State lawmakers trying to enact a low carbon fuel standard (LCFS) during last year’s session unsuccessfully attempted to make a deal with opponents in the state Senate to get it passed. Now, Senate Transportation Committee Chair Steve Hobbs (D-44) is perhaps signaling he’s open to such a proposal, the details of which he hinted at during a March 16 vote on E3SHB 1091 in the Senate Environment, Energy & Technology Committee.
Although he didn’t vote in favor of the bill, Hobbs said: “I am open to this. I am hopeful that there might be a path forward” if the LCFS bill included “triggering language and some offramps.”
Before the bill reaches the Senate floor, it must first clear the Senate Ways and Means Committee, then the Senate Transportation Committee. However, in the latter is where it is expected to receive its stiffest pushback from Hobbs, who is currently working on a new transportation package in conjunction with a Senate cap-and-trade proposal. That committee is where several prior LCFS proposals have met their demise.
Hobbs mentioned that the cap-and-trade legislation sponsored by Environment, Energy & Technology Committee Chair Reuven Carlyle (D-36) “applies to transportation fuels, the very same thing the LCFS is trying to do.”
E3SHB 1091, sponsored by Rep. Joe Fitzgibbon (D-34), aims to reduce transportation sector carbon emissions through carbon intensity limits on fuel sources. Entities that provide fuel below the limit generate credits that can then be sold to entities with fuel above the limit. Various fuels are exempt from the program, but those entities can still generate credits if they offer clean fuel.
Debate over its purported environmental benefits is mainly confined to Republican lawmakers. Sen. Doug Ericksen (R-41) introduced various amendments during the March 16 committee hearing highlighting Washington’s miniscule emissions compared to total global greenhouse gases (GHG); roughly .0021 percent of total global emissions. One amendment would have required the program prove it and all other state carbon reduction policies will reduce global GHG by .2 percent.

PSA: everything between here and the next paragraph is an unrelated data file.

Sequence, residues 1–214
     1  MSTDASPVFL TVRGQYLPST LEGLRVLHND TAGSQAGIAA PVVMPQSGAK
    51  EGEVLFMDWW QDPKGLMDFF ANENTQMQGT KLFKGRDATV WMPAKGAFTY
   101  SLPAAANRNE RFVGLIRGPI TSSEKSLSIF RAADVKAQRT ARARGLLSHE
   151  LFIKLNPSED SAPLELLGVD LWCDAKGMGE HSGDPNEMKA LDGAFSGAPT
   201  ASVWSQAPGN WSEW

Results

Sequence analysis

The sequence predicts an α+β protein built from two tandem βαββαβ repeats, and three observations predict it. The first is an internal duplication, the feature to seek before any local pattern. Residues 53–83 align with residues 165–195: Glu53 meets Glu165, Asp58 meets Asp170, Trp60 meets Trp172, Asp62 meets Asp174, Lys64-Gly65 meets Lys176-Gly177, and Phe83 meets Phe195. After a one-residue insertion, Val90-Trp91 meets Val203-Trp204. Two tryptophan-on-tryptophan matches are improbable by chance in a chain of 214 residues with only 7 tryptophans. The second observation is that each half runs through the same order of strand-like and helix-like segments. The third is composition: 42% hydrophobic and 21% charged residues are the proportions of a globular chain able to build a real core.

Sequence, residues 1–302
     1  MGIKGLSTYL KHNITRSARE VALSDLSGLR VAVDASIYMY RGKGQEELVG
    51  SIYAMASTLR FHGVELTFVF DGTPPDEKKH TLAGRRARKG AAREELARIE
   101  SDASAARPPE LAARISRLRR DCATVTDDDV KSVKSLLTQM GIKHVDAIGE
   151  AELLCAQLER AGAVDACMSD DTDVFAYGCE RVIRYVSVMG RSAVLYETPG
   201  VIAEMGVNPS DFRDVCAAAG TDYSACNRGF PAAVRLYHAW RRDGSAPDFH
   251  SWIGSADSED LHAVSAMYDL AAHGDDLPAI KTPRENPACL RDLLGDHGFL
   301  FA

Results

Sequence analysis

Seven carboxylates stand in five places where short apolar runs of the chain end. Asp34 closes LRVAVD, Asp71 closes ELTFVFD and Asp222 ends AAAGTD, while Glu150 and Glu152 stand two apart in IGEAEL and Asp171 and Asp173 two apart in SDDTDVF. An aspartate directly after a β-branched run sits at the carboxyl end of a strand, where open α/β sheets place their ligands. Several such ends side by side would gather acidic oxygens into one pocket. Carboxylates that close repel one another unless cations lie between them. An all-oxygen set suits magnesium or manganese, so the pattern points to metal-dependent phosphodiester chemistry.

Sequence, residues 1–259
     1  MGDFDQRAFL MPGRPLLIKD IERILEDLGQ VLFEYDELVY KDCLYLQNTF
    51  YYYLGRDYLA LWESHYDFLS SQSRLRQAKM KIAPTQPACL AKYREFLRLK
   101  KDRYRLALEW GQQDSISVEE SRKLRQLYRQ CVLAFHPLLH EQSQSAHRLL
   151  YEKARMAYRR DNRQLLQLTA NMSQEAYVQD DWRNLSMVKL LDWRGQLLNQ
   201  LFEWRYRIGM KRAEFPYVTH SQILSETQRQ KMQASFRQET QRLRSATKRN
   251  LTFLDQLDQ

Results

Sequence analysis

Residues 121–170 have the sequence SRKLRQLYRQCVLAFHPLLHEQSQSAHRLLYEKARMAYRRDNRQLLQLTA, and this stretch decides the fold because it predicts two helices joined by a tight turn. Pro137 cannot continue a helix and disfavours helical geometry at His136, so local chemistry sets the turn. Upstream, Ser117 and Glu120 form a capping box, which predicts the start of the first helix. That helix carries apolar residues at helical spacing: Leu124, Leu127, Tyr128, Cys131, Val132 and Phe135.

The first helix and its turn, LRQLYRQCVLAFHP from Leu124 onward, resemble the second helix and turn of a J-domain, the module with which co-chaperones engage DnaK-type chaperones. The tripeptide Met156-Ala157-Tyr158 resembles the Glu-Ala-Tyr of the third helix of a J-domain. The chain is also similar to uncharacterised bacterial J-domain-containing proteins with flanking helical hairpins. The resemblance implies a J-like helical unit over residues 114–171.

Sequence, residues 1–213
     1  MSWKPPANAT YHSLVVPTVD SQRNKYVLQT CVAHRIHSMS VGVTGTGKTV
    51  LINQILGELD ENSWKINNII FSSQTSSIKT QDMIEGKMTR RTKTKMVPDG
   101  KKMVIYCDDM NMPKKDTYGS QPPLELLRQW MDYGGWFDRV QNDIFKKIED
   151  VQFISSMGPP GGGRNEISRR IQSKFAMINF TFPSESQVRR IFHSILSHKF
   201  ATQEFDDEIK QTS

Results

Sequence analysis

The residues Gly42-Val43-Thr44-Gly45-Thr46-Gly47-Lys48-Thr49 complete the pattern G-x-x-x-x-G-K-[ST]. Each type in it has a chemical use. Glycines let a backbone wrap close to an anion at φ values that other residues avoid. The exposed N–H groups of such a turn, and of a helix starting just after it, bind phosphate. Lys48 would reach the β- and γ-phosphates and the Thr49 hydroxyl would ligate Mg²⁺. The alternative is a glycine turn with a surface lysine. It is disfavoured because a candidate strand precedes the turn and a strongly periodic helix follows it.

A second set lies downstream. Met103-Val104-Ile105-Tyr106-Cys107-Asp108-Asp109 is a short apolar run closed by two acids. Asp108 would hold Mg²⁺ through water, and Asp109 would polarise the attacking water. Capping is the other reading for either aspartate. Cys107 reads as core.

Rather, the wedge between LCFS advocates and opponents such as Hobbs is the expected increase to gas prices as the program is implemented. Hobbs noted that the added fuel cost is “not going to transportation. It’s going to biofuel manufacturers.”
A 2019 Puget Sound Clean Air Agency (PSCAA) analysis of a regional LCFS estimated it could raise gas prices by up to $.57 per gallon by 2030; the current state gas tax rate is $.49 per gallon. In California, the state nonpartisan Legislative Analyst’s Office (LAO) released a report in 2018 that concluded the LCFS program it had there added $.13 per gallon and could add a total of $.46 per gallon by 2030.
LCFS advocates point to Oregon’s program, which has only raised gas prices by $.27 per gallon.
Voting without recommendation on the bill, Hobbs said at the March 16 committee meeting “in the realm of transportation….that is a lot of money for preservation and maintenance that we can do,” which Washington State Department of Transportation (WSDOT) officials have warned is grossly underfunded. He added that a gas tax increase of that amount “almost pays for the culverts” on WSDOT highways that need to be replaced by 2030 under a U.S. court order.
While supporters say an LCFS program would inspire new biofuel production in the state, Hobbs argued that won’t happen until reforms to the permitting process are made, citing the recent decision by Department of Ecology to deny necessary permits for the Kalama methanol plant because it would increase state carbon emissions but reduce overall global emissions.
E3SHB 1091 will be referred to the Ways and Means Committee.